Spud snub: Idaho Rep. decries potato ‘ban’

Revisions to a federal nutrition program for women and children do not incorporate potatoes, sparking outrage from an Idaho lawmaker who contends the exclusion ignores congressional intent.

The Agriculture Department’s updated regulations for the Special Supplemental Nutrition Program for Women, Infants and Children (WIC), the program’s first comprehensive update since 1980, are meant to increase access to healthy fruits and veggies.

Fresh, white potatoes didn't make the cut, according to Rep. Mike SimpsonMIchael (Mike) Keith SimpsonDuring a time of uncertainty, Great American Outdoors Act deserves our support Dentists want coronavirus testing kits before reopening MLB, Congress play hardball in fight over minor leagues MORE (R-Idaho), who expressed outrage over the spud snub.

“I am deeply disappointed in the USDA’s decision to ignore legislation that directed the agency to include fresh potatoes in the WIC Program,” Simpson said. “Congress’ support of potatoes in WIC is crystal clear and I intend to use every means available to me, and any possible legislative vehicle that develops, to reverse this ban and restore the rightful inclusion of white potatoes in the WIC program.”

The USDA touted the revisions, pointing to a 30-percent increase in the dollar amount for children's fruits and vegetables purchases.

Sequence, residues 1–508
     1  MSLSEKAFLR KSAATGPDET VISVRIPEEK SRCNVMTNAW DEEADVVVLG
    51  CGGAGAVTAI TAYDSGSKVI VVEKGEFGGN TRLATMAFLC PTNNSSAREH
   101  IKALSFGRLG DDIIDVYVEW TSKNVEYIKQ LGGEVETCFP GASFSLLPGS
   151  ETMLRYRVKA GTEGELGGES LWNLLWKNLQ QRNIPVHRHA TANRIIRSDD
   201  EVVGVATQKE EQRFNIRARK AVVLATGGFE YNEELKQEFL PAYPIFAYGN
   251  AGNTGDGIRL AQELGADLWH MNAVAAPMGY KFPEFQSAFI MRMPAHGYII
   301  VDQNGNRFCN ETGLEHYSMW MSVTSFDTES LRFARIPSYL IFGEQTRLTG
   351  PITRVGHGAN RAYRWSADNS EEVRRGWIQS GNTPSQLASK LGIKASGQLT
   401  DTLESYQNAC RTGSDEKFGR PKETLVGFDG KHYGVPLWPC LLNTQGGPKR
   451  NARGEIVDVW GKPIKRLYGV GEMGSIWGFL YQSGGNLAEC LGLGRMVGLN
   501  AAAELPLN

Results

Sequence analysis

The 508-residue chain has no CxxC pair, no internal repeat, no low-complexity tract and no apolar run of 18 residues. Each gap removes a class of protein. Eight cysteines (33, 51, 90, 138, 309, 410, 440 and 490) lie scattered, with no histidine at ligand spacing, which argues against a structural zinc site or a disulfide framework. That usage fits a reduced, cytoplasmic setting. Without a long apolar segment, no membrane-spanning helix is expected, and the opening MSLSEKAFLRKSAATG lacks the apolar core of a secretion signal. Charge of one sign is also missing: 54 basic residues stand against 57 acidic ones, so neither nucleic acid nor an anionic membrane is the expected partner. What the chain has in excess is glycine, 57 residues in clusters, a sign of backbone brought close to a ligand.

The changes also expand whole grain options, offer yogurt as a partial milk substitute for children and women and give parents the option of choosing fresh fruits and vegetables instead of jarred infant food.

"The updates to the WIC food package make pivotal improvements to the program and better meet the diverse nutritional needs of mothers and their young children," Agriculture Secretary Tom Vilsack said.

The agency said the changes also give states more flexibility to meet “the nutritional and cultural needs” of participants of the program, aimed at low-income pregnant, breastfeeding, and postpartum women, infants, and children up to age five.

WIC serves more than 8.5 million people every month, according to USDA figures.

“It has a proven record of healthier pregnancies and birth outcomes, and better growth and development of young children,” said Rep. Rosa DeLauro (D-Conn.), who praised the revisions in a statement released Friday afternoon.

"Updating the foods families can purchase with their WIC dollars will help improve the long-term health of the youngest and most vulnerable Americans,” she said. “And enabling parents to purchase foods that meet their cultural requirements is a welcome change that reflects our country's diversity.”

But Simpson, who hails from a state whose official slogan is, “Great Potatoes. Tasty Destinations,” complained that the program’s diversity did not extend to Idaho’s most famous cash crop.

Spending legislation enacted this year was accompanied with “a clear directive” that all fresh vegetables be included in the WIC program, he said, adding that white potatoes are an important source of potassium and dietary fiber.

Simpson accused USDA of basing the revisions on “selective science,” and vowed to fight the “ban” with any means available.

“This issue is far from over and we will see what happens as the process moves forward,” he warned.